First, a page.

I don't know where I was during the late 90's pashmina craze. I wish I meant that in a glamorous, I-was-traveling-the-country-in-my-van-being-documented-for-The Electric Kool-Aid Acid Test: Redux sort of way, but really, I probably just didn't pay for my InStyle subscription for a year and missed it. In case you missed it too, a pashmina, at least in terms of the massively popular model from days gone by, looks like this:
Usually cashmere, it can be used as a scarf or a wrap or a blanket or even a crude shelter should you find yourself lost in the woods.
The only reason I'm aware of the pashmina craze at all, actually (besides the vast photographic evidence featuring Jennifer Aniston in airport terminals), is because I most definitely didn't miss out on the Great Pashmina Backlash. Yes, I got out of my Merry Pranksters van in time to read a whole bunch of completely vitriolic anti-pashmina blurbs in various magazines and get really, really confused. Do you remember these? They always went something like this:
Pashminas are out, out, out. The look is dated, drab, and dumb. In fact, you are dumb if you wear one. Want to keep warm? Here's an idea: WEAR A SWEATER, DUMBASS. Whatever you do, just be sure to throw away that pashmina...immediately!
Okay, so maybe they weren't thaaaat intense, but they actually were quite shocking in their anti-pashmina venom. I remember for awhile there, I was reading them at a rate of about one a week and thinking, "Jesus, pashminas must have pissed off the wrong people."
Anyway, the last I heard from the pashmina, they were being violently brought down by the anti-pashmina lobby (perhaps the pro-turtleneck agenda?), and ever since I received a cream-colored, cashmere number from The Pashmina Store a few days ago, I've been even more perplexed as to why everyone was hatin' there for awhile.
The one I got is this style in this gorgeous, creamy beige color, and trust me when I say the picture doesn't do it justice:
It is by far the softest, coziest thing I have ever felt (I hope my cat doesn't read that and get offended). I wore it to class the day I got it, along with a short-sleeved shirt, mini skirt, and thin tights, in winter in Oregon, and I didn't shiver once. I started the day with it tied in a knot around my neck like a scarf, and by my trip home I was curled up under its cashmere goodness, amazed as this wondrous accessory made public transportation as comfortable and calm as my bedroom (with the possible exception of the homeless guy that kept asking me to cure his speech impediment by rubbing his cheek).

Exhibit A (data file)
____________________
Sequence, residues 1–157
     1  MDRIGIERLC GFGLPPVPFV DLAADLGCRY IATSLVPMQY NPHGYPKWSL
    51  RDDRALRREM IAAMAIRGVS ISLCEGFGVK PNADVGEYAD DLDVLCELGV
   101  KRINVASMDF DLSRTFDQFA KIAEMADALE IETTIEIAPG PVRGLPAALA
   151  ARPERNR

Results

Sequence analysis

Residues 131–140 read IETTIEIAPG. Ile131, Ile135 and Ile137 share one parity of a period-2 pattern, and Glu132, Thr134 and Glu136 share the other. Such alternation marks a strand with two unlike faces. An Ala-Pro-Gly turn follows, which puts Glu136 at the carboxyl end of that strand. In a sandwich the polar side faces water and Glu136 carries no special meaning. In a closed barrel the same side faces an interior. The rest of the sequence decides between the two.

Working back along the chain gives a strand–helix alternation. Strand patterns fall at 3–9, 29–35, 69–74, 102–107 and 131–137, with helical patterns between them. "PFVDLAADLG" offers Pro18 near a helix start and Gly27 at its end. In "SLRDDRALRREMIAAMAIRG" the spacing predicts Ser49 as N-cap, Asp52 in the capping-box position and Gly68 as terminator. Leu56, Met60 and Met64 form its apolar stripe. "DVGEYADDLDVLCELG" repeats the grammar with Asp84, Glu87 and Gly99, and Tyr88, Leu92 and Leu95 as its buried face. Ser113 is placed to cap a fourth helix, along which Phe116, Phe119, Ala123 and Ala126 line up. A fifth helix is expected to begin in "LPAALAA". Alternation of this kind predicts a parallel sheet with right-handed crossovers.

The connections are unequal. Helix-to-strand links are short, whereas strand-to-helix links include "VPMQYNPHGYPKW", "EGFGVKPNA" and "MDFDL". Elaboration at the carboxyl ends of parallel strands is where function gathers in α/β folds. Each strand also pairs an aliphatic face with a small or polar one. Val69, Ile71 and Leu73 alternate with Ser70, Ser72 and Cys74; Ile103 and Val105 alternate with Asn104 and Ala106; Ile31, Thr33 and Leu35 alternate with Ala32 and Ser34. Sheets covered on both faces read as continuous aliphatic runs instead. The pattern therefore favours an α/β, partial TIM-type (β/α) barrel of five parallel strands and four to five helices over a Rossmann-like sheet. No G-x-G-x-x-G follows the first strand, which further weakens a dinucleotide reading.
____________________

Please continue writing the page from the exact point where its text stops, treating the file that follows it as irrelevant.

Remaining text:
I've worn it basically everyday since then, reveling in its versatility and yelling at anyone who comes near me to try to compliment me on it (and there have been many), viewing them only as evil stain-carriers (soldiers from the pro-turtleneck agenda?) out to mar my perfect, beige pashmina.
As you can tell, I have definitely become a member of the pro-pashmina camp. If you think you'd like to join the PPC (which totally sounds like a drug I would do in my imagined magic bus days, and which also seems to have a side effect of paranoia--see paragraph above), check out some of these brightly colored options, all from The Pashmina Store:
This is the same one that I have, in blue. Even though it's shown in the same semi-boring wrap style as the pictures above, you really can wear it however you want. And it's only $69.99 for pure, delicious cashmere.
If you'd rather not have enough fabric to comfortably seat a picnic for a family of four, they have smaller scarf styles in tons of great colors for $35 each:
This would be such a great way to do the yellow trend:
I'd wrap it around my neck under the Mike & Chris black leather jacket that resides in the same fantasy life as my drug-fueled roadtrip with Ken Kesey. Oh, and it's just fifty bucks.
They also offer blankets, shawls, and a style for men, which I was really sad to find out isn't called the "pashman-a." Damn, that worked better in my head.
Check 'em out, and maybe, together, we'll bring pashmina back (raise your hand if you're sick of Justin Timberlake puns. No one? Good).